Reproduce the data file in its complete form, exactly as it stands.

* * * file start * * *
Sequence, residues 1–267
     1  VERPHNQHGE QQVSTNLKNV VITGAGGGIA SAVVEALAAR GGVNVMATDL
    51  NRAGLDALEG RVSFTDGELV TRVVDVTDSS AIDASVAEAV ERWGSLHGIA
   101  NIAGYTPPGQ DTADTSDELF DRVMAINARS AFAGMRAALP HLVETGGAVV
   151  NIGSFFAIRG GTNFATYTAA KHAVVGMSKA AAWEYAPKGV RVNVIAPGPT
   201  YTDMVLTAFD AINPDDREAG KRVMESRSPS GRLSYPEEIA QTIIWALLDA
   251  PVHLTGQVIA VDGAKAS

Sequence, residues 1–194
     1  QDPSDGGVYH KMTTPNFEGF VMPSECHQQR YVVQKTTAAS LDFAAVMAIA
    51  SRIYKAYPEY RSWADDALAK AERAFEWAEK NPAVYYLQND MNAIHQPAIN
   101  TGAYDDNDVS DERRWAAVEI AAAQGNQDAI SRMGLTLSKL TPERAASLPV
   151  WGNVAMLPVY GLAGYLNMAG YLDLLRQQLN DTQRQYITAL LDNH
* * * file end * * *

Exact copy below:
Sequence, residues 1–267
     1  VERPHNQHGE QQVSTNLKNV VITGAGGGIA SAVVEALAAR GGVNVMATDL
    51  NRAGLDALEG RVSFTDGELV TRVVDVTDSS AIDASVAEAV ERWGSLHGIA
   101  NIAGYTPPGQ DTADTSDELF DRVMAINARS AFAGMRAALP HLVETGGAVV
   151  NIGSFFAIRG GTNFATYTAA KHAVVGMSKA AAWEYAPKGV RVNVIAPGPT
   201  YTDMVLTAFD AINPDDREAG KRVMESRSPS GRLSYPEEIA QTIIWALLDA
   251  PVHLTGQVIA VDGAKAS

Sequence, residues 1–194
     1  QDPSDGGVYH KMTTPNFEGF VMPSECHQQR YVVQKTTAAS LDFAAVMAIA
    51  SRIYKAYPEY RSWADDALAK AERAFEWAEK NPAVYYLQND MNAIHQPAIN
   101  TGAYDDNDVS DERRWAAVEI AAAQGNQDAI SRMGLTLSKL TPERAASLPV
   151  WGNVAMLPVY GLAGYLNMAG YLDLLRQQLN DTQRQYITAL LDNH